Smokes and Chickens

I recently did some writing for the stage for the first time in a long time (and for the first time ever where I wasn’t involved in the production.) It was for “The Box”, a project being staged at the Sacred Fools theater in L.A., where writers are all provided with a setting and characters and situations, and told to write scenes, while each being unaware of what the others were writing, and then the selected scenes are staged in random order over three nights, with some linking narration added. Seventy writers submitted, and 43 scenes by 35 writers were selected. Mine ran as part of the final night of the run, July 25, 2015. Since this particular set of scripts won’t ever be staged again, I figured I’d share them here. (The script here is as it was written; the producers trimmed it down some for time.

The characters used are Young Will, who has just returned from World War I and carries some secrets, and Molly, a suffragette.

Smokes and chickens”

by Nat Gertler

SETTING: The chicken farm, night.

AT RISE: MOLLY stands toward center, facing stage right, smoking a cigar. (All props can be mimed.) YOUNG WILL enters from stage left, walking backwards, skulking, really, a shovel in hand. He stumbles a bit, noisily, causing Molly to turn.

MOLLY

Hey!

YOUNG WILL

(startled)

Shh!

MOLLY

Don’t want to wake the chickens?

YOUNG WILL

I think they’re closing in on me.

MOLLY

They”?

(no response)

I’ll keep an eye out. If I see a “them,” I’ll let you know.

(takes a puff)

But why run here, of all places?

YOUNG WILL

I buried something here. A week ago. I need it.

(He scans the area, points to a spot.)

There.

(notices her cigar)

Could you put that thing out?

MOLLY

Cigars bother you? Or just a woman smoking them?

YOUNG WILL

No, it’s… in the war, they gave us all cigarettes. The cigarette makers donated them, free, said it was a patriotic thing, a gift to the boys. Couldn’t’ve been worse for us if the Kaiser had planned it. On a moonless night, you could see the tip of a cigarette glowing from a fifth of a mile away. Further, when someone was lighting up, a lot further. Made our boys easy to find, and that wasn’t good. And that was just little sticks. That stogie of yours…

MOLLY

(twisting the end of her cigar against the ground)

Got it. Was about to put it out anyway. Didn’t want to take it into the henhouse. Too much straw there.

YOUNG WILL

Why are you going into a henhouse at night?

MOLLY

To name the hens.

YOUNG WILL

Aren’t these Chicken Dave’s chickens?

MOLLY

Yes.

YOUNG WILL

And you’re going to name them because…?

MOLLY

Because Chicken Dave is the worst kind of male animal.

YOUNG WILL

Oh? Seemed like a nice guy when I met him. Bit of a joker, but nice.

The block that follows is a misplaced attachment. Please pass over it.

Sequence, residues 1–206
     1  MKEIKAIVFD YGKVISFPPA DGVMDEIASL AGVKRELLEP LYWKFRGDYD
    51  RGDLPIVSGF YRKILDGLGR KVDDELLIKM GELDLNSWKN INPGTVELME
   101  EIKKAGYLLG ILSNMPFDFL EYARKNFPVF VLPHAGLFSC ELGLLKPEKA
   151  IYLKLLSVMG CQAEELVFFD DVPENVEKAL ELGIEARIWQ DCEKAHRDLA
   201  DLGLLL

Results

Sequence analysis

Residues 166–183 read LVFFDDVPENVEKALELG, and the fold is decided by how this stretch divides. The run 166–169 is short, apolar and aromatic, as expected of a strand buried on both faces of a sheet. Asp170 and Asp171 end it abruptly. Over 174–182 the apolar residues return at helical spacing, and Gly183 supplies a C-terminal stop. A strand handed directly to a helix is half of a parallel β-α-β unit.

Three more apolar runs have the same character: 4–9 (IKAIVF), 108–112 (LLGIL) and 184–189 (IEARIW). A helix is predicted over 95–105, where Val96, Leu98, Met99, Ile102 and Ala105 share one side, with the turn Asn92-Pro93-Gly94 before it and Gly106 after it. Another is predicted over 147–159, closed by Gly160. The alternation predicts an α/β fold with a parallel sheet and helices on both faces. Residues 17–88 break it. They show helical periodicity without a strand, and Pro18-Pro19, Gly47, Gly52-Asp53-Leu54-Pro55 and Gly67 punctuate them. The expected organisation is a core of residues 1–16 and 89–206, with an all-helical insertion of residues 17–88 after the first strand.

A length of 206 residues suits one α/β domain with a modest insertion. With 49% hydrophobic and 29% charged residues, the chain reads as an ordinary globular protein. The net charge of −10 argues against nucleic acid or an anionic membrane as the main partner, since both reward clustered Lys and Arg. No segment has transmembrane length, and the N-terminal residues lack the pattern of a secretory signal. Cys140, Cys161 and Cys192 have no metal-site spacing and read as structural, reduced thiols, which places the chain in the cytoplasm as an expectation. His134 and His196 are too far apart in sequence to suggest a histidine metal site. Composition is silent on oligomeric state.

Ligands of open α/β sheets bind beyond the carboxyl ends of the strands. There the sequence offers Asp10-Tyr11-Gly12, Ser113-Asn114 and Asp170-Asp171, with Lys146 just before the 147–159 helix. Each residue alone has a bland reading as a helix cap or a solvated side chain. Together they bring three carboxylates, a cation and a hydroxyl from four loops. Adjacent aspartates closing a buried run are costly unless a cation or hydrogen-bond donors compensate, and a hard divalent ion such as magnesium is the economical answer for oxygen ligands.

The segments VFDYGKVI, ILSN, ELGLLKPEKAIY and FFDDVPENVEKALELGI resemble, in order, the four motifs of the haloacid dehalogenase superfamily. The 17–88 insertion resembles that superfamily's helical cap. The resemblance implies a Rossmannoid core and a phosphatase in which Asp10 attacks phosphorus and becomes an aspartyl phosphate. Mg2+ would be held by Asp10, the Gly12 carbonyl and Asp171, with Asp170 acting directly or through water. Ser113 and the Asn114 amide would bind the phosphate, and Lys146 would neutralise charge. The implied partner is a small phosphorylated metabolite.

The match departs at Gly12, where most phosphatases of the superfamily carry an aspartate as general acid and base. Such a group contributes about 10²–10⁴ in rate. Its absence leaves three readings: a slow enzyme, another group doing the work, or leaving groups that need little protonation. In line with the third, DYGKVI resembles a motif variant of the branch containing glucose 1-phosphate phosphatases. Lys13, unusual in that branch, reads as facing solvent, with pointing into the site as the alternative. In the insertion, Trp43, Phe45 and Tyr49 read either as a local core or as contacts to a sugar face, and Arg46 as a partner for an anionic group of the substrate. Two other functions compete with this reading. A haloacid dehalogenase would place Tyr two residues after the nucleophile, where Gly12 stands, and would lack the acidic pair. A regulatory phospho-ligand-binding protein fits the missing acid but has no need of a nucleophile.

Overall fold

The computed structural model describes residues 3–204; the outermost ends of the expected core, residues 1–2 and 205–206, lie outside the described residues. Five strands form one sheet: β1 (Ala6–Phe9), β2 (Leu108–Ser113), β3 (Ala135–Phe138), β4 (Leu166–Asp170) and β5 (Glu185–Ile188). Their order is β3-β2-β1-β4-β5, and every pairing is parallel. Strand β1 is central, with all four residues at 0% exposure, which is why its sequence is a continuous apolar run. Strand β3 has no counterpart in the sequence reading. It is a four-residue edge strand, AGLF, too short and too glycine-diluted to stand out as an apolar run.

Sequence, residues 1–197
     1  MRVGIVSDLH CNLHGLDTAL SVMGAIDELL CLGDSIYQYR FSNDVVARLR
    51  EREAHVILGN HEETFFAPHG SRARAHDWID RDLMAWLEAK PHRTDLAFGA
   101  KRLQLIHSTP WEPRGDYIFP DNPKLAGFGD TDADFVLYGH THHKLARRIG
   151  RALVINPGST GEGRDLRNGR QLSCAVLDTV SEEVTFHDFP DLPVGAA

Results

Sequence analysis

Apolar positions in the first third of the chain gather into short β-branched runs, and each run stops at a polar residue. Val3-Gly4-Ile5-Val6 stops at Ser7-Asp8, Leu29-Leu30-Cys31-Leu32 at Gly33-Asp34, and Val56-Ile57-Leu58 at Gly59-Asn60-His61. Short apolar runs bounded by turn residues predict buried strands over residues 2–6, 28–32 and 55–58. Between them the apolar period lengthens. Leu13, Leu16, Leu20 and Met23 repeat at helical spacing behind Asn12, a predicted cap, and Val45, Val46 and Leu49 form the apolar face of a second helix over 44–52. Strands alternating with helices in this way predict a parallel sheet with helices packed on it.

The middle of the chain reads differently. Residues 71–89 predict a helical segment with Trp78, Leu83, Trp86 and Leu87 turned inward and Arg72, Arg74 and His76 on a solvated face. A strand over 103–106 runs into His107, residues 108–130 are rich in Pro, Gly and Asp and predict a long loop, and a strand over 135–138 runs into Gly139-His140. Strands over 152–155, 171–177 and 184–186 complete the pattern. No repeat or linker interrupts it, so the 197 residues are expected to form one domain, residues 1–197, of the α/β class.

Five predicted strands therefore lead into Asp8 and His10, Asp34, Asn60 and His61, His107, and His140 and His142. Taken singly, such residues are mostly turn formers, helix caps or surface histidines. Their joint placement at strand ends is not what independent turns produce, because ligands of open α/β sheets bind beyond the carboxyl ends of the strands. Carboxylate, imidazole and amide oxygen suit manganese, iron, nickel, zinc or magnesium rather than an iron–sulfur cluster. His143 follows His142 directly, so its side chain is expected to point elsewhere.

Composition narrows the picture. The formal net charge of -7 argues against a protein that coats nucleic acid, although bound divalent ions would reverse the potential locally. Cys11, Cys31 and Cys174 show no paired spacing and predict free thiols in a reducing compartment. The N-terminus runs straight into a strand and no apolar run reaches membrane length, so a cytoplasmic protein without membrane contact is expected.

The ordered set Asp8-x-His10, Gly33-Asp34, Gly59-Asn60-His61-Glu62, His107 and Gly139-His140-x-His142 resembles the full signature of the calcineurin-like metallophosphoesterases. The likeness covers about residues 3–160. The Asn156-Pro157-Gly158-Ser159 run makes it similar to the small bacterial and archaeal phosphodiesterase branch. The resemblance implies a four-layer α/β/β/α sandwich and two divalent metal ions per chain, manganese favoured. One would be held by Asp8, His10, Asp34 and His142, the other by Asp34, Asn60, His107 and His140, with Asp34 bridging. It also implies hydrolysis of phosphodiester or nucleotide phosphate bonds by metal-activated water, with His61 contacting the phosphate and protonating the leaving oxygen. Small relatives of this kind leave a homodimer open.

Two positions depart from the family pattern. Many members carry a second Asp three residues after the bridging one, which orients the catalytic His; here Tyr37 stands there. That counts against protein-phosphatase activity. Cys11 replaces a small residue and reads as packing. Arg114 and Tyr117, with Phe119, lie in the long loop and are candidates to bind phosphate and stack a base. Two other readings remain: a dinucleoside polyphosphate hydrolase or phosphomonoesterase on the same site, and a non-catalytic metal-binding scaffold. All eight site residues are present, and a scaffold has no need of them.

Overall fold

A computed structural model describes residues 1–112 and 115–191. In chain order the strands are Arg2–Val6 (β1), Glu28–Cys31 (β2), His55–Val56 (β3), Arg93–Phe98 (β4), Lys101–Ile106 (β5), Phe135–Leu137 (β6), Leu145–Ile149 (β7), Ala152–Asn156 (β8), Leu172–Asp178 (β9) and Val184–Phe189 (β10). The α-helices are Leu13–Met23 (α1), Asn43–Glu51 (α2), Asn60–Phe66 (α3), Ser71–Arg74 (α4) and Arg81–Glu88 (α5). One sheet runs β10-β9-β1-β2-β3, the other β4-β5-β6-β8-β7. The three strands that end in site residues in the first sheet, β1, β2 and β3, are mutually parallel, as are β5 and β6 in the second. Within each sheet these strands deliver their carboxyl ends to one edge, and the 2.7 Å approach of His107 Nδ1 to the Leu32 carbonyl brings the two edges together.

MOLLY

That’s the worst kind. A total misanthrope, when he’s bad to you, that’s just part of who he is. But Chicken Dave’s the guy who if he knows that you’re hungry, he’ll bring you a sandwich. You know if you need help putting the fence up, he’s there. He’ll spend an hour on some silly prank to make you laugh. But if you want something that costs him nothing, like respect as a person or the right to vote, he’ll stand in your way. It’s bad enough that the mean folks are bad. When the nice folks are bad, it strips you of all hope.

YOUNG WILL

And naming the chickens will change that?

MOLLY

Just the hens. You see, Chicken Dave is a nice guy to his chickens… he thinks. He feeds them, he sings to them, he acts as if he loves them. Then when they stop producing eggs, he kills them. He eats them or sells them to someone else to eat. And that’s probably easy, because he just sees them as chickens, as just this group. It’s no problem turning chickens into chicken, fried, boiled, maybe chicken salad. But if they have names – if tomorrow I tell him “this one’s Brenda, this one’s Marguerite,” then maybe, next time he’s got the axe out, he’ll suddenly realize that he’s not “making chicken,” but he’s “killing Brenda.”

(YOUNG WILL starts to dig.)

YOUNG WILL

Maybe. Prob’ly not.

MOLLY

Probably not. One-in-five, one-in-six chance, I reckon. And it’s still not going to stop him from killing chickens, because that’s his business. But if I can get him to see hens as individuals, then I’ve set him down a path. Then I can make him see women as people, worthy of full personhood. Maybe.

YOUNG WILL

Prob’ly not.

MOLLY

Probably not. It’s a longshot. But I didn’t have anything better to do tonight. Wasn’t getting any more sleep.

YOUNG WILL

Why not?

MOLLY

Oh, bad dream. Bad, bad dream. And I’ve got a friend I’m worried about, she’s in a bad way. And my brain kept coming up with names for chickens.

(YOUNG WILL is on his knees, scraping something out of the hole he’s dug.)

MOLLY

You’ve found it!

YOUNG WILL

(lifting a locket out of the hole)

No.

MOLLY

No? It wasn’t that…?

YOUNG WILL

Locket? No.

MOLLY

So that means…

YOUNG WILL

Either someone took it, dug it up, and someone else later reused the same spot to bury this, or someone dug it up and swapped it for this.

MOLLY

B sounds more likely.

(YOUNG WILL opens up the locket. He recognizes something in it.)

YOUNG WILL

Oh!

(END)

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Published in: on July 27, 2015 at 4:50 pm  Leave a Comment  
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